In the age of clinically integrated networks, health systems still struggle to maintain up-to-date and accurate provider directories. Many organizations are outsourcing that task. UC San Diego (UCSD) Health has joined UC Irvine (UCI) Health in taking advantage of a software-as-a-service solution that is now available in Epic’s App Orchard.
UCI and UCSD share an instance of Epic’s EHR and partner on delivering Epic to their providers. Sri Bharadwaj, chief information security officer for UCI Health, described some of the challenges their health systems face in tracking referring physicians.
UCI used to have a siloed database that it needed to keep updating as physicians moved or changed offices. “We struggled with this for quite some time,” Bharadwaj said. “It led to information not being delivered accurately. For instance, if the physician does not have a Direct address, we would send information to a fax number, but the fax number might have changed or the physician might have moved, and we would have no idea,” he said. When the patient visits, the physician is looking for clinical information to act upon and it never reaches that physician.
“We have a city here in California called Westminster with lots of Vietnamese immigrants. In fact, it is known as the overseas Vietnamese capital of the world,” Bharadwaj said. “There might be six physicians there named Dr. Nguyen in three buildings adjacent to each other. It is very difficult to find out which Dr. Nguyen saw which patient. How do we pull together that information on primary care providers? We used to manually update the data internally, when we had time to get to it. But we needed more accurate information. It helps us build the bridge between the community docs and UCI.”
To address these issues, UCI turned to a company called Phynd Technologies, which focuses on building provider directories and whose cloud-based software can be integrated with the Epic environment. “The bidirectional integration with Epic will ensure that provider, specialty, location, health plan and other information in Epic is always accurate and up-to-date,” Bharadwaj said.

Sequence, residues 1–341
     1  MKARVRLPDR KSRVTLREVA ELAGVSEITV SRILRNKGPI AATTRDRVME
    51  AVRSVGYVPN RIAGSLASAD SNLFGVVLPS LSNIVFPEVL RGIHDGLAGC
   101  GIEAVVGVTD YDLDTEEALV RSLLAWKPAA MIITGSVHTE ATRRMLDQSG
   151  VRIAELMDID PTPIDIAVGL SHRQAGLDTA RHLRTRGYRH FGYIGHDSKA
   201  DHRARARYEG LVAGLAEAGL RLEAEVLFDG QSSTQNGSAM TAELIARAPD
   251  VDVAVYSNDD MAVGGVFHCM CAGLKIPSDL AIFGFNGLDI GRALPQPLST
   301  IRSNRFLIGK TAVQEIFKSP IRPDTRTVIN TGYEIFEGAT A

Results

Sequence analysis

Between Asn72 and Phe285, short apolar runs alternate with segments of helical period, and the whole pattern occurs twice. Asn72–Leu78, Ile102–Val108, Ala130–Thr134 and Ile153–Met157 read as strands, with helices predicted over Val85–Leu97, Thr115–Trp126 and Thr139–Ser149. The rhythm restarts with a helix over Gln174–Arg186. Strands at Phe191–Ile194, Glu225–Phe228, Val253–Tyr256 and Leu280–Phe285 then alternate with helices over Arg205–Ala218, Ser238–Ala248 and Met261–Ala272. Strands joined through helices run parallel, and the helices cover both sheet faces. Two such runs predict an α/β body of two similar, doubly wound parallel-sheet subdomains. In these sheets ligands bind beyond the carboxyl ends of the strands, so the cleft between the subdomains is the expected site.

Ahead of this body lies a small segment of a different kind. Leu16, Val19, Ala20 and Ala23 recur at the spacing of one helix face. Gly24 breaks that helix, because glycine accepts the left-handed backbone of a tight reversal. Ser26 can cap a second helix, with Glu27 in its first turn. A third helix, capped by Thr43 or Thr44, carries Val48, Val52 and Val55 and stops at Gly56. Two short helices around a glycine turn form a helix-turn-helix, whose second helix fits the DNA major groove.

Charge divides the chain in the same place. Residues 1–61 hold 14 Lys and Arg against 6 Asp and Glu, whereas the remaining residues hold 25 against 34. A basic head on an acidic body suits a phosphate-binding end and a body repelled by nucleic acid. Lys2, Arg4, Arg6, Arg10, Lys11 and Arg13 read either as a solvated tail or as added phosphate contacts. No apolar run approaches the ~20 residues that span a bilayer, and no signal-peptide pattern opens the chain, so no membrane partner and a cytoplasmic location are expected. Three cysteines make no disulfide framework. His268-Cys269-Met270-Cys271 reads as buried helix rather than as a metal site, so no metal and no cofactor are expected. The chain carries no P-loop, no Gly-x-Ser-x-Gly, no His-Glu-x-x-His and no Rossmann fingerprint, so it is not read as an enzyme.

As it describes on its listing in the Epic App Orchard, the Phynd Provider Enrollment app enables health systems to search 4.2 Million Phynd Provider Profiles and find and enroll provider profiles directly into Epic’s Hyperspace. The Phynd Provider Enrollment app is delivered as an HTML-based widget launched directly from within a user’s workflow in Hyperspace. The app contains a search capability that enables users to search and find providers based on name, addresses, specialties and other search criteria. Once the user identifies the appropriate provider in Phynd, they are able to review the Provider Profile, and then directly enroll the provider into their Epic provider directory. Phynd Provider Profiles consist of curated content from national and state resources, including NPI, state license boards, DEA license data and verified board certifications.
As Healthcare Innovation Managing Editor Rajiv Leventhal described in an August 2018 article, Phynd’s platform is a cloud-based solution, hosted by Amazon, with two main elements to its provider data management equation. “One is that it enables clients to consolidate, synthesize and integrate their existing data—so taking information from their EHRs and credentialing systems—because that information is often redundant, conflicting and not complete, explained Peter White, chairman and chief product officer at Phynd Technologies. The vendor also maintains an independent database of more than 4 million provider records that it aggregates internally. And then, noted White, there is a blending of these two worlds—external and internal data—that is pulled into a single-source-of-truth record.” Health systems can then share that back out with their internal systems, their EHRs, and their credentialing systems, White said.
Other Phynd customers include Yale New Haven Health System, Duke Health, UNC Health Care, University of Michigan, Orlando Healthcare, Kettering Healthcare and Houston Methodist.
The provider directory effort is really about patient engagement and patient care, Bharadwaj stressed. “At the end of the day, we are all about patient care. Having the information accurate in our environment helps the patient tremendously. It delivers the clinical data required by the family care physician to ensure that the patient adheres to the care plan developed by the specialist doc. We have built mobile and wayfinding apps and a nursing home compare app; when you do things like that, making sure you are getting the right information to the right people is extremely critical.”
There is still a need for a nationwide provider directory, Bharadwaj noted. “We have been advocating for that through CHIME and HIMSS for years. That need is not new. It does take time, however, because of the fragmented nature of healthcare. It is going to happen, but it is going to take a while to get there.”